Q. We have a very frustrating situation, because our house was added to and there was a “difference of opinion” among our contractor, the architect and the building inspector, who said he wasn’t going to sign off without proof that metal straps were there and a rod that is now hidden behind two-by-fours and plywood. The contractor told us, after the two others left, that all the metal straps, angles, etc., are really a bunch of nonsense because he has been building for years, since long before there were all these rules, and none of his homes has ever had a problem. Can you tell us just why this is so important?
A. There seems to be a disconnect between people who assemble and people who design buildings. Since my first job as a teen on construction sites, long before much of the technology we now have was either required or utilized, I’ve listened to workers complain about why the cement had to be worked a certain way on a hot day or why we had to wait so long to frame after the foundation walls were poured. I catalogued all these things and set out on the long educational journey through architecture school, and after, to find out why.
What architects and engineers have to learn to call themselves design professionals would boggle your contractor’s mind, apparently, since he broadly dismisses what he does not elect to know or understand. A few hours after a framer told me that the straps he had just installed were “bull----,” we had tornadoes touch down nearby for the first time in an October. Then, only a few days later, TV news broadcast the latest catastrophic aftermath of a hurricane, and I noticed not just that most homes were destroyed, but that some buildings were fairly intact.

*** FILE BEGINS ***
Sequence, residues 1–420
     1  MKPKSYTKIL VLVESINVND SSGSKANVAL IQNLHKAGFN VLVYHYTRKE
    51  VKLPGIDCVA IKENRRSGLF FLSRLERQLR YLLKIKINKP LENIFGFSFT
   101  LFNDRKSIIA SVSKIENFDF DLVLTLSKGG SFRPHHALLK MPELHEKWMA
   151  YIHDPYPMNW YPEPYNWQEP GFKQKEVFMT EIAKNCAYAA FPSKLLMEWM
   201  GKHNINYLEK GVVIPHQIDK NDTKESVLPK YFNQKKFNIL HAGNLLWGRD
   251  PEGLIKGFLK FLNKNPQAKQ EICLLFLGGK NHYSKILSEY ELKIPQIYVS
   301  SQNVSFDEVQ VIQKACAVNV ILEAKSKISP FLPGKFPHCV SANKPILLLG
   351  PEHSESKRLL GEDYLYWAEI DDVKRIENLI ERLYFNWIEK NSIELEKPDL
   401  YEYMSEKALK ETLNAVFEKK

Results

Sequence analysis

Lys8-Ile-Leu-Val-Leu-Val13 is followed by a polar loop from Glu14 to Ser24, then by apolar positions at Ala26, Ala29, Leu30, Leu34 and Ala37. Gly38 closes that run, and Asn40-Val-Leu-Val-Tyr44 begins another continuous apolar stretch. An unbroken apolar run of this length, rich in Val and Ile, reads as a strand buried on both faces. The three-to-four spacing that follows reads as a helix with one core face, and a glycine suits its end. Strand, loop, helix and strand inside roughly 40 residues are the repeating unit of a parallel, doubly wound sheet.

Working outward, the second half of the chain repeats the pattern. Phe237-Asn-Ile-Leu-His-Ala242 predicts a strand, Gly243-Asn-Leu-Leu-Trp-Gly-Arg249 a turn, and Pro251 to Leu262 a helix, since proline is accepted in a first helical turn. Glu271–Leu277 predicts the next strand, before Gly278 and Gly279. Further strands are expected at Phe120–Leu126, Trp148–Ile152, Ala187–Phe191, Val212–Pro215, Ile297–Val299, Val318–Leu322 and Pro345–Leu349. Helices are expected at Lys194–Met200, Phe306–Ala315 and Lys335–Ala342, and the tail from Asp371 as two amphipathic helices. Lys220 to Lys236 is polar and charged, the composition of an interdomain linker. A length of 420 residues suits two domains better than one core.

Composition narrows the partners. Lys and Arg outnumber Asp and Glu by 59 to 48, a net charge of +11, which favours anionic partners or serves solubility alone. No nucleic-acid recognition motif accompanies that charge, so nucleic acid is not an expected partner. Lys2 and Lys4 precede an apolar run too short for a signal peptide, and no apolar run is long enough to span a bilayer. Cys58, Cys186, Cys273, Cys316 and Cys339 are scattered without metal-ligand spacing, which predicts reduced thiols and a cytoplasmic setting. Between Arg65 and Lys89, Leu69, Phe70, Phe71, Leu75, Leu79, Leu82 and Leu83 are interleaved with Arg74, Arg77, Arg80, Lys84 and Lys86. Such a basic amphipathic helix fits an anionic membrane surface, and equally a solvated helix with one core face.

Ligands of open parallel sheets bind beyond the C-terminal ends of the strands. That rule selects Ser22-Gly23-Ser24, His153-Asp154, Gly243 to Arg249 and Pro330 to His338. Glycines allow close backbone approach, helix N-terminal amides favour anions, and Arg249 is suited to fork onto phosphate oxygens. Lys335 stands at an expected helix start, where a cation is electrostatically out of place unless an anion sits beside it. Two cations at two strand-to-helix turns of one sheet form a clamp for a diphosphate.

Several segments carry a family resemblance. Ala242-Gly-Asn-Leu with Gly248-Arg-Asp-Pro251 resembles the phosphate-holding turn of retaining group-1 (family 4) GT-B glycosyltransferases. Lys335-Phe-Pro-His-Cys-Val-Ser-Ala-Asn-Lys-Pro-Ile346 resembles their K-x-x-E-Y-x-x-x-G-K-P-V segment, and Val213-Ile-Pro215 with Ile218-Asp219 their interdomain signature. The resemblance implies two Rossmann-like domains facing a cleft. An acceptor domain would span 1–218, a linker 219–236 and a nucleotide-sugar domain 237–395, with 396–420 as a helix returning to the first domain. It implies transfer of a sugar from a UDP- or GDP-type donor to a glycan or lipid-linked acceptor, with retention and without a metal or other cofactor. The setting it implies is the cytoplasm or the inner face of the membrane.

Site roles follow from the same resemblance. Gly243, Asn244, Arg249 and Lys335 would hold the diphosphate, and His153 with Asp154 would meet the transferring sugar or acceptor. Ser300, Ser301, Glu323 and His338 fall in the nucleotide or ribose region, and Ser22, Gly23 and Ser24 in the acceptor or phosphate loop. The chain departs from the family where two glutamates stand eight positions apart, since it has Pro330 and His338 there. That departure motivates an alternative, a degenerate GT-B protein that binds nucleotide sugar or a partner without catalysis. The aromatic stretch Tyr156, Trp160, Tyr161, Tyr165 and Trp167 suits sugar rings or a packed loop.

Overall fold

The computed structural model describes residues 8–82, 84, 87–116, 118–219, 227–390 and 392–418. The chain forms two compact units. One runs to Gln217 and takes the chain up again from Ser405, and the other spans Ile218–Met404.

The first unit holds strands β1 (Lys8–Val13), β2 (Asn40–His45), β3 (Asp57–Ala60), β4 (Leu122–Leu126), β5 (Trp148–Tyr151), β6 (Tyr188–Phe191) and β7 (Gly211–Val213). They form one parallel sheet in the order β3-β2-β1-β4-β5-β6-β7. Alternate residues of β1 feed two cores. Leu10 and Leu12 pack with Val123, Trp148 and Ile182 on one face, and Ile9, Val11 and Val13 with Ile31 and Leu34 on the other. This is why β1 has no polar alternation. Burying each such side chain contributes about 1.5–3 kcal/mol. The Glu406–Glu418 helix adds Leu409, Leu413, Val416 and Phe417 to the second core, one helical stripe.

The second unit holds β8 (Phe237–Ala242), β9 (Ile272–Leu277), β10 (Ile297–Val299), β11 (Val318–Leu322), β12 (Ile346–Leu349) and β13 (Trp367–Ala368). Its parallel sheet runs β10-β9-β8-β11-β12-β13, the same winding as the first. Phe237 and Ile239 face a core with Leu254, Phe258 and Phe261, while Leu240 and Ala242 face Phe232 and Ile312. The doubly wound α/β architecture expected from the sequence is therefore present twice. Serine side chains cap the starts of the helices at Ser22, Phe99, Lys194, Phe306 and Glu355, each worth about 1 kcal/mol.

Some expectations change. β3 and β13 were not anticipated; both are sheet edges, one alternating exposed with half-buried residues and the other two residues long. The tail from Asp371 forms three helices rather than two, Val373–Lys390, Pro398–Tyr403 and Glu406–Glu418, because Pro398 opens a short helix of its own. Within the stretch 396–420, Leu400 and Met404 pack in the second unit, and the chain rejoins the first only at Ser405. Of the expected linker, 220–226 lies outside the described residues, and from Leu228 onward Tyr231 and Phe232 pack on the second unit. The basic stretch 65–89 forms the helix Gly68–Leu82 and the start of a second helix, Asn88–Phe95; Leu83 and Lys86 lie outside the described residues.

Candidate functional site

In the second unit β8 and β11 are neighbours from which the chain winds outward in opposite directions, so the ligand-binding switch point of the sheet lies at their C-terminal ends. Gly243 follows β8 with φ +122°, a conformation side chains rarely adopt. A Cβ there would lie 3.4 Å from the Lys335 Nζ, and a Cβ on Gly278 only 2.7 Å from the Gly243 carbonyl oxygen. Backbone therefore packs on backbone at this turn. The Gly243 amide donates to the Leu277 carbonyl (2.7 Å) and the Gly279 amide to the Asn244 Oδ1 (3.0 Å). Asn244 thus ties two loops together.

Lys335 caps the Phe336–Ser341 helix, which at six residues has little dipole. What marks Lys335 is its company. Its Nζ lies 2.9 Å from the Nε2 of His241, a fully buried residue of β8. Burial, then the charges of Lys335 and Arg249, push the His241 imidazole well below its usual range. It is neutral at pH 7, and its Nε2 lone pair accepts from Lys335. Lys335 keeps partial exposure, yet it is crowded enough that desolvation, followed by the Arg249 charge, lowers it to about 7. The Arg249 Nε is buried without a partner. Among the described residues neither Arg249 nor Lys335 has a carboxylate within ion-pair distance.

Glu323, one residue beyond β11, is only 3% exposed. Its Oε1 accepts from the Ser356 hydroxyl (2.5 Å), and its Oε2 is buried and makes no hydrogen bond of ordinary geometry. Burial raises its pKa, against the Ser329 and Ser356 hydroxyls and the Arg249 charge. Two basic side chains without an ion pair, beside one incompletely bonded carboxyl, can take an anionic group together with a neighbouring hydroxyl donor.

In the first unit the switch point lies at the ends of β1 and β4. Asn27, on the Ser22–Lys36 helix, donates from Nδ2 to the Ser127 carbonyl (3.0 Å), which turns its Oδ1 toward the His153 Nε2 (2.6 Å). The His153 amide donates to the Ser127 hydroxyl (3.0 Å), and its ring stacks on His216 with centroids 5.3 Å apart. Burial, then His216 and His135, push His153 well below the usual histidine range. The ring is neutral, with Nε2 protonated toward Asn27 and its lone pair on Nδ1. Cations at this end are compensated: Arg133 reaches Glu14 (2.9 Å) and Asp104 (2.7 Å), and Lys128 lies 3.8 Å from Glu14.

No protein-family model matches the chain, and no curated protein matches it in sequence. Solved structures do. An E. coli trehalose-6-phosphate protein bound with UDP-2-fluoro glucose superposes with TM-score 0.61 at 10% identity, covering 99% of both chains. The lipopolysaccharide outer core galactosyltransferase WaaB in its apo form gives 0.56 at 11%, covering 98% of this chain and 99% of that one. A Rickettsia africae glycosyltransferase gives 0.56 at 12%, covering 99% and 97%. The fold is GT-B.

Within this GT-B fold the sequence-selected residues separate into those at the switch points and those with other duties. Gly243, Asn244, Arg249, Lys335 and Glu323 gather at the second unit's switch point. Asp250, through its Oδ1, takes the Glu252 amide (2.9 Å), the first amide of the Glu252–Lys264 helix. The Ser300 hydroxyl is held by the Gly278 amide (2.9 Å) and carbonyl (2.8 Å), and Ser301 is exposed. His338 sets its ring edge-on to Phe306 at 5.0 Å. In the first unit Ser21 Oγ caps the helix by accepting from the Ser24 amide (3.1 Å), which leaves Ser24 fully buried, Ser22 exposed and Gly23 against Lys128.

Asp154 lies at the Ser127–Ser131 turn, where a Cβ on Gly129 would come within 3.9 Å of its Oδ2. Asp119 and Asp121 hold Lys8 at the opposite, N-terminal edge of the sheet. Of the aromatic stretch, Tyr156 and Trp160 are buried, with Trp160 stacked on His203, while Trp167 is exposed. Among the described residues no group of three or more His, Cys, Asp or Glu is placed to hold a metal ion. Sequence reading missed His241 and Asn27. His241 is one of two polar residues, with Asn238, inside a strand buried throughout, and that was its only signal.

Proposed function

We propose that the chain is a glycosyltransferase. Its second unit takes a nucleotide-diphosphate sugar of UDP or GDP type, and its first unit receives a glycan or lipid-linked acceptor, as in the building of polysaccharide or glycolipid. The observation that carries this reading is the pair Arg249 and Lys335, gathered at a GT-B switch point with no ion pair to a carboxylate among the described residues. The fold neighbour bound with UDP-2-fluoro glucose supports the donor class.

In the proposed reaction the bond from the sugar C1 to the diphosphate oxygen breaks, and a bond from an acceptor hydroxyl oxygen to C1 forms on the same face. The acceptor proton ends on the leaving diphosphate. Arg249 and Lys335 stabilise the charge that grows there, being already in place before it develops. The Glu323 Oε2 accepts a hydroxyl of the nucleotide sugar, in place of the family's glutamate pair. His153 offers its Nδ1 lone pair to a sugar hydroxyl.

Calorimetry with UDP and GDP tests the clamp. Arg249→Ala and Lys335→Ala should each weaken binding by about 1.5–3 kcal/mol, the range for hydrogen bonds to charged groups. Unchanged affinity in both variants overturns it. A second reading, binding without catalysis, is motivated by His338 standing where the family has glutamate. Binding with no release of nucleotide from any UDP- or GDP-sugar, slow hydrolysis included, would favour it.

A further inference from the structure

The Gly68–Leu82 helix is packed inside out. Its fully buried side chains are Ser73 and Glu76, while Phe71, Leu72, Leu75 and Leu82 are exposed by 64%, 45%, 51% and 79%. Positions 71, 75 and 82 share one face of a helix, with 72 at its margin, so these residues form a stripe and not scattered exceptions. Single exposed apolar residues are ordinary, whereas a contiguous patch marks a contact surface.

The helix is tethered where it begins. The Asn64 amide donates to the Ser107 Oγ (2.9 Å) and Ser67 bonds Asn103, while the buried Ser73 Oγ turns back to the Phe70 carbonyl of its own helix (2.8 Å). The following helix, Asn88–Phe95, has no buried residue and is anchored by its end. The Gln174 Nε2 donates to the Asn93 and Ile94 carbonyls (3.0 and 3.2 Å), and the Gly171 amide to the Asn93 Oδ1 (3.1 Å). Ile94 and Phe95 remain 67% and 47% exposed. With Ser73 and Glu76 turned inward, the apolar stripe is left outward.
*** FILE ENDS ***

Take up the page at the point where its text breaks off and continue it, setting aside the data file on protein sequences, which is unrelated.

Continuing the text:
Whether you want your home to survive the next weather burst or not, your insurance company does. The majority of code requirements are intended to save lives, with the added benefit of saving property. Insurance companies exert a lot of pressure to make sure codes are instituted to make property more resilient, because loss of property affects everyone financially. The Federal Emergency Management Agency is, in effect, an insurance company, and has a large role in shaping building codes and compliance enforcement.
The use of metal connectors came about because of the need to make buildings more resistant to extremes. You really don’t need them every day, just at the moments when forces randomly applied require an equal and opposite reaction. So all the science, math, engineering, wind tunnel and earthquake shake-table testing, strobe and slow-motion analysis, and forensics after severe storms might just be summed up in one word (“bull----“), but survivors and educated authorities would disagree. Straps, anchors, angles, saddles and rods are installed to strengthen structures by holding them together while allowing normal daily shifting. Omitting connectors leads to the “disconnect” of personal, financial, safety and emotional catastrophe. Is it worth it?
© 2018 Monte Leeper. Readers are encouraged to send questions to email@example.com, with “Herald question” in the subject line, or to Herald Homes, 2 Endo Blvd., Garden City, NY 11530, Attn: Monte Leeper, architect.